Results. The prevalence of neck/shoulder pain with pressure tenderness was 7.0% among participants performing repetitive work and 3.8% among the referents. We found an association with high repetitiveness (prevalence ratio 1.8, 95% confidence interval 1.1–2.9), high force (2.0, 1.2–3.3), and high repetitiveness and high force (2.3, 1.4–4.0). The strongest work-related psychosocial risk was high job demands (1.8, 1.2–2.7). Increased risk was also associated with neck/shoulder injury (2.6, 1.6–4.1), female gender (1.8, 1.2–2.8), and low pressure pain threshold (1.6, 1.1–2.3). Neck/shoulder pain was strongly associated with reduced health-related quality of life.
Conclusions. Work-related physical and psychosocial factors, as well as several individual risk factors, are important in the understanding of neck/shoulder pain. The findings suggest that neck/shoulder pain has a multifactorial nature. Reduced health-related quality of life is associated with subjective pain and clinical signs from the neck and shoulders. The physical workplace factors were highly intercorrelated, and so the effect of individual physical exposures could only be disentangled to a minor degree.
We found 226 articles related to course and prognostic factors in neck pain and its associated disorders. After a critical review, 70 (31%) were accepted on scientific merit; 14 of these studies related to course and prognostic factors in working populations. Between 60% and 80% of workers with neck pain reported neck pain 1 year later. Few workplace or physical job demands were identified as being linked to recovery from neck pain. However, workers with little influence on their own work situation had a slightly poorer prognosis, and white-collar workers had a better prognosis than blue-collar workers. General exercise was associated with better prognosis; prior neck pain and prior sick leave were associated with poorer prognosis.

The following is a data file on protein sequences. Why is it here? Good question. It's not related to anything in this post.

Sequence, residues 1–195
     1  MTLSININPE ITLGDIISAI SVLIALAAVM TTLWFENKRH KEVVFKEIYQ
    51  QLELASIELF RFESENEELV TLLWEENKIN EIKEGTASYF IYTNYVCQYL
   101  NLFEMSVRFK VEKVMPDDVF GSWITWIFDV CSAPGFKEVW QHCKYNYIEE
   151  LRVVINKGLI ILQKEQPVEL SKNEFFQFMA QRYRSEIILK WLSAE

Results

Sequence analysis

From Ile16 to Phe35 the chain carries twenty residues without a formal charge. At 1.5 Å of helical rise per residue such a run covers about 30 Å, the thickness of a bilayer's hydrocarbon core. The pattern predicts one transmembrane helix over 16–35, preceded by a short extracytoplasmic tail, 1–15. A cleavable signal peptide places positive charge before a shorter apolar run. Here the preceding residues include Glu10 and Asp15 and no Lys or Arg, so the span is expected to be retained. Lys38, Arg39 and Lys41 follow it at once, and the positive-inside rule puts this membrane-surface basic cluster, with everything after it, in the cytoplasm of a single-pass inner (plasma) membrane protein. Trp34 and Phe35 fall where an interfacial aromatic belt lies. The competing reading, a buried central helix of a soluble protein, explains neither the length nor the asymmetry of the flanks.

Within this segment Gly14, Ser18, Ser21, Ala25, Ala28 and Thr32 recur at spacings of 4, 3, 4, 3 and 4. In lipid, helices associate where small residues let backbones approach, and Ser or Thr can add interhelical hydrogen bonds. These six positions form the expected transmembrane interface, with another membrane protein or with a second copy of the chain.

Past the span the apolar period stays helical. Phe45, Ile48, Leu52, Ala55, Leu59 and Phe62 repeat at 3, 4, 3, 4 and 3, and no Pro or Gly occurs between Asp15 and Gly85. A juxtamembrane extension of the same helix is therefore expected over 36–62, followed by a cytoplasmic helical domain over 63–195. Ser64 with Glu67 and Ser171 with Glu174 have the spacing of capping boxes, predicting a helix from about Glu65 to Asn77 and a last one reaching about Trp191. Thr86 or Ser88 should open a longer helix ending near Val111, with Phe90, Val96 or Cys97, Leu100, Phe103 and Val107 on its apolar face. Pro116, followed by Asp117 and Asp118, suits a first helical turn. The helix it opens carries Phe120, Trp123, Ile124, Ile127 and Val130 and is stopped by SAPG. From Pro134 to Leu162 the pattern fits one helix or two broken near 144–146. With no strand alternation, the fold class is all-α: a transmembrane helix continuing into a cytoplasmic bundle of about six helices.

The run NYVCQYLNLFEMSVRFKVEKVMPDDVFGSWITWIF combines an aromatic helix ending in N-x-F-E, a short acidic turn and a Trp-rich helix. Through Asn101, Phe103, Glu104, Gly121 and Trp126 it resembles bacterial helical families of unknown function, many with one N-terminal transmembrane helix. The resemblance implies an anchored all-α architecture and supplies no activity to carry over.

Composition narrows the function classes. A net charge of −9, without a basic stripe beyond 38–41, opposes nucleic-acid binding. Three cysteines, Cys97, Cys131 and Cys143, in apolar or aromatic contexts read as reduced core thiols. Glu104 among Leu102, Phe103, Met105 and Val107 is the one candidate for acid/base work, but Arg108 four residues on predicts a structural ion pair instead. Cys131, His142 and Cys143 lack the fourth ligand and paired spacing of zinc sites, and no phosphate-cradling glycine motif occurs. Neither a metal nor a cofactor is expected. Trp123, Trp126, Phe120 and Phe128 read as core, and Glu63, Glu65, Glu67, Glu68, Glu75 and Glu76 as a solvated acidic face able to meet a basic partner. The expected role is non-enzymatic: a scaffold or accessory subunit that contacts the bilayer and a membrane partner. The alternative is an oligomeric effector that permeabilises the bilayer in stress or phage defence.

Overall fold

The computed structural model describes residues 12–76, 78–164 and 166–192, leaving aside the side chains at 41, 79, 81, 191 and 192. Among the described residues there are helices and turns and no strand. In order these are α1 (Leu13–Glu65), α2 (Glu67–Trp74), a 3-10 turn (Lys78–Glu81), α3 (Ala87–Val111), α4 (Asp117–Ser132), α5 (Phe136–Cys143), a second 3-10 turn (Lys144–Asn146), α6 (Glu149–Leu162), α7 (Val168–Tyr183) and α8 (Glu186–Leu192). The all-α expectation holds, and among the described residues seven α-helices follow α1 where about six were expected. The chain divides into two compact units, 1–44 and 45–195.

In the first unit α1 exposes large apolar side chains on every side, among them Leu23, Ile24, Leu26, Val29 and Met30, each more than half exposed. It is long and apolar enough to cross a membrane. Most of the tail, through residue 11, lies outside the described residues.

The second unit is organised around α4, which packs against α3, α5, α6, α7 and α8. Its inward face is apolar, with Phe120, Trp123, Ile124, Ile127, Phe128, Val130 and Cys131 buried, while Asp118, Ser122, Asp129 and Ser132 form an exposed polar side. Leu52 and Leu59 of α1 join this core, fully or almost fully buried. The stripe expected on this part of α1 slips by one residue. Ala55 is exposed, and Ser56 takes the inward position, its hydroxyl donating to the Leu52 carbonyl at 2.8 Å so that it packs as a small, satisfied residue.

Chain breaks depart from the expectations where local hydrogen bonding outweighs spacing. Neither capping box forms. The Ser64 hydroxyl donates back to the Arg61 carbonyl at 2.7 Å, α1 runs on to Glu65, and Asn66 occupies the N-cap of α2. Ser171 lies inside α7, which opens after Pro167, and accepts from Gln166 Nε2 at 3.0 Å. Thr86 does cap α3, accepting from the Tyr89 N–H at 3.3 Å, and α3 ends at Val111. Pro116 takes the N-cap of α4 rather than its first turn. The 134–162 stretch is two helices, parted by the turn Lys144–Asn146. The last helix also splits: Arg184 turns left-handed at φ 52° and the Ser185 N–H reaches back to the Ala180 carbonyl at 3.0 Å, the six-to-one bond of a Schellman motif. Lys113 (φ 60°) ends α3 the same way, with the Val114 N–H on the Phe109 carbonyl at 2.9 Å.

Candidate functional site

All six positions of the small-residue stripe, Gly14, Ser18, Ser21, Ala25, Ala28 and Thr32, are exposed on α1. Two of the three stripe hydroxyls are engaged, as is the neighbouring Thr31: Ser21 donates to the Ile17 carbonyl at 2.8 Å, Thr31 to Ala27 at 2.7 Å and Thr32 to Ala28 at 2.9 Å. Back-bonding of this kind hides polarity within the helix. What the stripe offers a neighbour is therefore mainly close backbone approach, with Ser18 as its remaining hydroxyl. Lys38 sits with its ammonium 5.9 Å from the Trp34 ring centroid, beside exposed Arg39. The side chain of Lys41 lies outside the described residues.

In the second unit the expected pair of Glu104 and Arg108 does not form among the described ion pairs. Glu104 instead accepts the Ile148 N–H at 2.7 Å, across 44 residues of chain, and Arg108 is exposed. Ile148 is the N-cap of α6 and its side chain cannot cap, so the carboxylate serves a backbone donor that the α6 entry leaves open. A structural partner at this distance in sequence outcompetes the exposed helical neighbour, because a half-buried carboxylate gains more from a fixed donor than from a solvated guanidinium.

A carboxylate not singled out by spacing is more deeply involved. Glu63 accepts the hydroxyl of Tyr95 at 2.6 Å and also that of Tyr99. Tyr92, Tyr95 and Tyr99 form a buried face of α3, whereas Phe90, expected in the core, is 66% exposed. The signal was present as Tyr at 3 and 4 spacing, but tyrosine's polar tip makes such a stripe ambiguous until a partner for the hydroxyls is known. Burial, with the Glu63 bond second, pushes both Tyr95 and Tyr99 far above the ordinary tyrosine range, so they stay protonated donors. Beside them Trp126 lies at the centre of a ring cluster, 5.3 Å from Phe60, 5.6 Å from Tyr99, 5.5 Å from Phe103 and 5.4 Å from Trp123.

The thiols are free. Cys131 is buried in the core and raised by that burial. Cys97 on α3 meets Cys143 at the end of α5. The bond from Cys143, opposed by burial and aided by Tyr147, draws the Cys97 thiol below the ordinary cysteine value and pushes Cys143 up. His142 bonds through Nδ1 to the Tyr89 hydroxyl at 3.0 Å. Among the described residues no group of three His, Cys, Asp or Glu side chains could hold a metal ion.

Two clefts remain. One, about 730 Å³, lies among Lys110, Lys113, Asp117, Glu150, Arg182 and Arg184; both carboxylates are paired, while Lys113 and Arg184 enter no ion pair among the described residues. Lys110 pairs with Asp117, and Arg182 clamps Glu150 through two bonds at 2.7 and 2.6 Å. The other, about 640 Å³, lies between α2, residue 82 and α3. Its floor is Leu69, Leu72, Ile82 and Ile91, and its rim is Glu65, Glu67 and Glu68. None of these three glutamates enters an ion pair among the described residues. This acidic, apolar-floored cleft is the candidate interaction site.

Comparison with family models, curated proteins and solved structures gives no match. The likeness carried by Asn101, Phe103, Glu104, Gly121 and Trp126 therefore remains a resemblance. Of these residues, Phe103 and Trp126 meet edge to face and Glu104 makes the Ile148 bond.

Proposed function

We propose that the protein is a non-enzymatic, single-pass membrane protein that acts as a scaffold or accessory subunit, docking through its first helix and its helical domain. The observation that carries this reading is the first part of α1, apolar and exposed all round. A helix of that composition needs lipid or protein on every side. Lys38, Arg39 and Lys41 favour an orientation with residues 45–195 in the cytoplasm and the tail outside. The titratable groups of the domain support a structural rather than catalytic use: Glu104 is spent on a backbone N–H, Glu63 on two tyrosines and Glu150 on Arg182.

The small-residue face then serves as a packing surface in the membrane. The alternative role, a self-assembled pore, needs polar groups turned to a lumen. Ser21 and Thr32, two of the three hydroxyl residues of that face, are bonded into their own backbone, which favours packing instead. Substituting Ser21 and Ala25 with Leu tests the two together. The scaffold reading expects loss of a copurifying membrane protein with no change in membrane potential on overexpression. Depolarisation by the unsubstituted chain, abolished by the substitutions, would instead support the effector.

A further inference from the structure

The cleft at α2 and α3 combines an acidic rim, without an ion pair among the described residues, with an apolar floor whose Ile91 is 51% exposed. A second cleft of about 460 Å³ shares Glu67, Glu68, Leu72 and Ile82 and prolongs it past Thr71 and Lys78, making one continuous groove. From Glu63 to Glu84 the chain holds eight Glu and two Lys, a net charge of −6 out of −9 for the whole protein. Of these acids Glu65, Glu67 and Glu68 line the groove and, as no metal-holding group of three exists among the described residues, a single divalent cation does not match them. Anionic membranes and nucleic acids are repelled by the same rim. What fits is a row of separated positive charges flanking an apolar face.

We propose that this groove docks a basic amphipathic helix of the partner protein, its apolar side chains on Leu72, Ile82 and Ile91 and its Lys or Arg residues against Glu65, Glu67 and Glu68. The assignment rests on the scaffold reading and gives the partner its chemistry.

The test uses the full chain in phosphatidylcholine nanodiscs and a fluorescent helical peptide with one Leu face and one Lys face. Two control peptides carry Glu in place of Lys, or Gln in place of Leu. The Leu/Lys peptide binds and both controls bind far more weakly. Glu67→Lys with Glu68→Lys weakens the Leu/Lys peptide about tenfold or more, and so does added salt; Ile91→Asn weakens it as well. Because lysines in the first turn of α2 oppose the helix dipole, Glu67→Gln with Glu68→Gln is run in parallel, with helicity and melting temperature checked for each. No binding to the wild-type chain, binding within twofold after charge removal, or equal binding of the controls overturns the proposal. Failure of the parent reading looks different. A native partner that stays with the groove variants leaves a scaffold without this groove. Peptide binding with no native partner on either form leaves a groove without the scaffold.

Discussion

Physical risk factors for neck pain 
To identify physical risk factors for neck pain, a systematic review of the literature was carried out. Based on
methodological quality and study design, 4 levels of evidence were defined to establish the strength of evidence for the relationship between risk factors and neck pain. Altogether, 22 cross-sectional studies, 2 prospective cohort studies, and 1 case-referent study were eligible for determining the level of evidence. The results showed some evidence for a positive relationship between neck pain and the duration of sitting and twisting or bending of the trunk. A sensitivity analysis was carried out excluding 3 items of the quality list, the importance of which seemed doubtful. On the basis of this sensitivity analysis, it was concluded that there is some evidence for a positive relationship between neck pain and the following work-related risk factors: neck flexion, arm force, arm posture, duration of sitting, twisting or bending of the trunk, hand-arm vibration, and workplace design.
Results. The analysis included 977 patients. Altogether, 141 workers (14.4%) reported that they had experienced neck pain at least once during the 3-year follow-up period. The relation of neck pain to high quantitative job demands (relative risk [RR], 2.14; 95% confidence interval [CI], 1.28–3.58) and low coworker support (RR, 2.43; 95% CI, 1.11–5.29) was statistically significant. An increased risk was found for low decision authority in relation to neck pain (RR, 1.60; 95% CI, 0.74–3.45), but this relation was not statistically significant.
Conclusions. High quantitative job demands and low coworker support are independent risk factors for neck pain. There are indications that another risk factor for neck pain is low decision authority.